Rain water is a controversial topic among koi owners. While some think it is good, others consider it a hazard. The truth is somewhere in between, and below are some reasons why this is the case.
Ways In Which Rain Benefit Koi Ponds
Rain provides a water supply that is natural and free of charge. This is excellent in areas that have metered water which is charged by a water company. The rain is also soft and free of chloramine and chlorine.
Based on the above benefits, every koi owner that lives in an area with lots of rain fall should immediately go out and buy the biggest water barrel they can find so they can start collecting rain as soon as possible, right? Not so fast. There are a number of things you should know about rain water.
Rainwater Is Not Pure H2O
This should be obvious, but rainwater is not pure. The reason is because it is the result of water which is evaporated from the surface and then drawn up into rain clouds. During this process, other substances which are dissolved might also accompany the water. Studies show that rain usually carries the gaseous pollutants which are present inside the atmosphere, which are the result of industrial activity.
As you can see, rain water quality and chemistry will vary greatly from one locale to another. Some rain has high levels of lead, and any area that has lots of industrial activity will almost inevitably have worse rain water than areas which are not industrial. Koi ponds which are located in close proximity to high traffic areas (such as a major highway or interstate) might also have poor quality rain due to the elevated traffic fumes. The same is true for ponds located near chemical plants, farms and even airports (airplanes emit fuels).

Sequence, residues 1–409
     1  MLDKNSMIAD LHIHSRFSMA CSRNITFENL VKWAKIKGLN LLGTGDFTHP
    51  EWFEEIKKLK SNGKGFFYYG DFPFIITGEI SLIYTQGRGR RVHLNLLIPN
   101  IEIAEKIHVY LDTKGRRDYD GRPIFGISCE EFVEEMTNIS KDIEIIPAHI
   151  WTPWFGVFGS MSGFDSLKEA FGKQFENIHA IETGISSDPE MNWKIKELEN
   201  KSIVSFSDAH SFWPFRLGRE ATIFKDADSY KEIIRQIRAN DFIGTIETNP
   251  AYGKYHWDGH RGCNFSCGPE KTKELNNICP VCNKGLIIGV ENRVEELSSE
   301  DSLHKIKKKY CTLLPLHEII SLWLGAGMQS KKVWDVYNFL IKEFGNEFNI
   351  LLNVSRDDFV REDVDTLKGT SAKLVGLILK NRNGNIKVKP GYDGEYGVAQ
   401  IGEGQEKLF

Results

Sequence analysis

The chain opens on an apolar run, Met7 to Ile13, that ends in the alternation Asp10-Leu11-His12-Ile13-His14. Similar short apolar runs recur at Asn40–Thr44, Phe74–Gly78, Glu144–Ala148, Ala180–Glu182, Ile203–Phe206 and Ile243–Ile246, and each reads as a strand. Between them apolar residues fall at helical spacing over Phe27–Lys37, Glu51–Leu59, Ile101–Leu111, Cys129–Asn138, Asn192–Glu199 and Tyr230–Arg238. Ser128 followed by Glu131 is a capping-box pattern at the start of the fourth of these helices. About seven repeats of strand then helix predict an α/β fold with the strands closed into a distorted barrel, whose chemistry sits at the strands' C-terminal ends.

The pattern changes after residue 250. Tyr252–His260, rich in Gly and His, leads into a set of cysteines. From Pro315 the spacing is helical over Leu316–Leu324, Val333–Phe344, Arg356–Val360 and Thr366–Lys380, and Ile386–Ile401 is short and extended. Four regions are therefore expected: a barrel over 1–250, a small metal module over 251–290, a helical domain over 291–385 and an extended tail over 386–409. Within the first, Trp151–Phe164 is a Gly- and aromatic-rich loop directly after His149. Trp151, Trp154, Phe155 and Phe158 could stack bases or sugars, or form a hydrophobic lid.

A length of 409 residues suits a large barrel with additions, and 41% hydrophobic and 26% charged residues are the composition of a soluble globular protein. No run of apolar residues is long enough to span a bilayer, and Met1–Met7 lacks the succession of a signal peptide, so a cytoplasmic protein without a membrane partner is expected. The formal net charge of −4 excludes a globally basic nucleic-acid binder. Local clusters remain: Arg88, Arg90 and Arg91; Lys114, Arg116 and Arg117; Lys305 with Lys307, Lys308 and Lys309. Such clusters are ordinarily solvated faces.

Some rain also contains sand. For example, parts of the UK and EU receive heavy rainfall that is mixed with sand due to wind blowing across Europe that comes all the way from the Sahara Desert in the northern part of Africa. Manmade disasters, such as the Chernobyl incident which occurred in Russia during the 1980s, adversely impacted the rain in regions as far away as England.
Always Test The Rainwater In Your Area
As you can see, the answer to the question of whether or not you should use rainwater in your koi pond depends on your jurisdiction. If you live in a rural area that is free of traffic and industrial activity, using rain water might be a good idea, but you should still test it to make sure.
The EPA (Environmental Protection Agency) recommends additional treatment for rainwater to ensure it is properly disinfected. Any impurities which are present will need to be filtered out. There are a number of hazardous things that might be present in rainwater, including inorganic, organic, acidic and even radioactive substances.